You may find it easy to measure PPC and SEO results, but measuring social media impact is more complex. Clients may be reluctant to invest in social media campaigns, however, until they see the “hard numbers.” How can you measure social media impact in a way that your clients will understand?
One impact of social media is straightforward and easy to explain: your competitors are using it. Even if you never quantify the results of social media use, knowing that competitors are using it should be enough to engage most businesses.
The hype cycle shows the process that is seen when social media or any other technology is first “discovered” by a user. Most business owners have initial inflated expectations followed by a “trough of disillusionment.” This is followed by enlightenment as to reasonable expectations from the technology and, finally, a plateau of productivity.
PR used to be about crafting your message and placing it properly. To a certain extent, this is still true. Marketers send messages through social media to a receptive audience. What has changed is that the audience can immediately decide what to do with the message, and this can take control of the message out of the “owner’s” hands. However, building strong social media relationships can give business owners a measure of control over how their messages are perceived.
Can We Really Measure PR & Social Media Performance?
It is very difficult to measure the value of a relationship. It is also difficult to identify a direct, causal relationship between your social media use and the willingness of someone to buy your product.
However, if you discard the idea that you are going to get cut-and-dried numbers from social media use, you can craft a reasonable measurement of the impact social media has on your business.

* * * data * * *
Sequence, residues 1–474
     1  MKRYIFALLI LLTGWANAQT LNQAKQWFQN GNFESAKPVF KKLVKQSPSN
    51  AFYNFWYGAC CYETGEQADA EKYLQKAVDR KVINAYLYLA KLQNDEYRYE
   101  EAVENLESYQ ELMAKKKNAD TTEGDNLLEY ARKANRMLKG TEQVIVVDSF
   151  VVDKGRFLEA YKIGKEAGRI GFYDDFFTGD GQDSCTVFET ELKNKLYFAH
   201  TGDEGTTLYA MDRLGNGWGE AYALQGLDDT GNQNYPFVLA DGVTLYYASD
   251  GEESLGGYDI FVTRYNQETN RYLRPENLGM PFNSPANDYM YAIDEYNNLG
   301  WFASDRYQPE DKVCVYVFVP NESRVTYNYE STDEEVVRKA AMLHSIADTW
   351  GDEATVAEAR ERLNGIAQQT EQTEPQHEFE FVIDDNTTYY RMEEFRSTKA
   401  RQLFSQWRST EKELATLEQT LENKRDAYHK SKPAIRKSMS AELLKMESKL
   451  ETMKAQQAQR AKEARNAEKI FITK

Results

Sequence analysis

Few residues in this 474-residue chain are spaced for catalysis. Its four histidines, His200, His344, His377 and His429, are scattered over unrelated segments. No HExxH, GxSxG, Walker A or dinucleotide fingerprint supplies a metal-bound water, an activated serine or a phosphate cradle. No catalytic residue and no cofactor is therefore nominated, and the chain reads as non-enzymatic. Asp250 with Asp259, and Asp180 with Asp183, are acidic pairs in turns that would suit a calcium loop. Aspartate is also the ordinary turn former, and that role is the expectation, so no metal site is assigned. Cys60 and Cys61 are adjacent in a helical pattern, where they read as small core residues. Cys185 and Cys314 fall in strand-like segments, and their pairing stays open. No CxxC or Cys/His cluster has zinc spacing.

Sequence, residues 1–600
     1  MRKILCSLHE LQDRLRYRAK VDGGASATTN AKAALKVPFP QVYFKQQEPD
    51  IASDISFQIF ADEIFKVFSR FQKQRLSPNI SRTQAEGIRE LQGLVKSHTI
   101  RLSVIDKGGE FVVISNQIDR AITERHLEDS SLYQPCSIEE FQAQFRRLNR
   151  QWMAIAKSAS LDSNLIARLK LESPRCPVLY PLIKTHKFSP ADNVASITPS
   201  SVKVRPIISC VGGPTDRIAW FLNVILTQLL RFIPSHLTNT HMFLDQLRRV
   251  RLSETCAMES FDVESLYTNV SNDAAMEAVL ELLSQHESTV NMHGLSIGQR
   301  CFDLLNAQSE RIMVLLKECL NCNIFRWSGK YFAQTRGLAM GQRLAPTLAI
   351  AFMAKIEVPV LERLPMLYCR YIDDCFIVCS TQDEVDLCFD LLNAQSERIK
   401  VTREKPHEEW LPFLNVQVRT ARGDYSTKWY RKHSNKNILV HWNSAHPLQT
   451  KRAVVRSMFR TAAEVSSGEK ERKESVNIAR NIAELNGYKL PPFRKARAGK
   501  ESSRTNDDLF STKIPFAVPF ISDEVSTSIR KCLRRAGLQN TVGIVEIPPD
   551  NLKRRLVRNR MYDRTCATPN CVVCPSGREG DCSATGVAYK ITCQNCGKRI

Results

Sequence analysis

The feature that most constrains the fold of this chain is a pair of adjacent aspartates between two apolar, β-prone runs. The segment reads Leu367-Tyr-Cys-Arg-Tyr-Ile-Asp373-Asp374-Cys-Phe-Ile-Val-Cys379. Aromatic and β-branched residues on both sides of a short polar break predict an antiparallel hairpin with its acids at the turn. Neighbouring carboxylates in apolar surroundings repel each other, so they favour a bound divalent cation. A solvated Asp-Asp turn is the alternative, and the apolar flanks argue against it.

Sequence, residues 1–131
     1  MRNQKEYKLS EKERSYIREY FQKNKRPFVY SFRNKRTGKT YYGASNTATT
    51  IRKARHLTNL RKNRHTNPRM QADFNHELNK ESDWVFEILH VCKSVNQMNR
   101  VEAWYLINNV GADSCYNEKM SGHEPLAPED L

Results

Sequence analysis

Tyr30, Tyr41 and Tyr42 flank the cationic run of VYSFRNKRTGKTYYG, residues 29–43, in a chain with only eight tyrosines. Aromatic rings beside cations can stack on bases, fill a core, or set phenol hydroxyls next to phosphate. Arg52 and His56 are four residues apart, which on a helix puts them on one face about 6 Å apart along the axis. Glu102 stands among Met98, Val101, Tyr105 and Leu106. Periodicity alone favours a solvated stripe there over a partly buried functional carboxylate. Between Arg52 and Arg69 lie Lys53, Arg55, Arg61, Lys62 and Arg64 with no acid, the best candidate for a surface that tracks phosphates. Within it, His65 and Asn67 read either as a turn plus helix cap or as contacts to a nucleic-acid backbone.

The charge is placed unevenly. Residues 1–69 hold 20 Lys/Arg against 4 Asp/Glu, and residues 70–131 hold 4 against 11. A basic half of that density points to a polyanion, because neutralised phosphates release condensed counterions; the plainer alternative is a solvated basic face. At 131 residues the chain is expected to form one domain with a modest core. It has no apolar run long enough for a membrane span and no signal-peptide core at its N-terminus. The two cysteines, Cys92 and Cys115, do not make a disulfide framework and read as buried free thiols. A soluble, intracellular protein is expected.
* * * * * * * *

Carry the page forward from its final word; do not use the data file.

While there is no industry standard for measuring social media value, tying measurement to company goals must always be your own standard. Look at your objectives and see if you have met them better since introducing social media. From there, you can derive whatever formulas you like for measuring on a per-post or per-like basis.
You may also want to measure your impact on significant demographic groups. Of the people who became followers or friends in the past month, how many were 20-to-30-year-old females? This can help you determine if your social media use is reaching the groups you want to target.
Finally, review the overall cost of social media use. Most of it is very low-cost if you are willing to put some sweat equity into it, but paid advertisements do represent part of your overall advertising budget.
Set a benchmark so you know if anything has changed over the past month, three months, year or whatever time period you choose. Social media is dynamic, so a shorter time period is usually a better indicator of your actual performance. Measure your return on investment for that time period and see if your investment in social media has caused changes to your bottom line.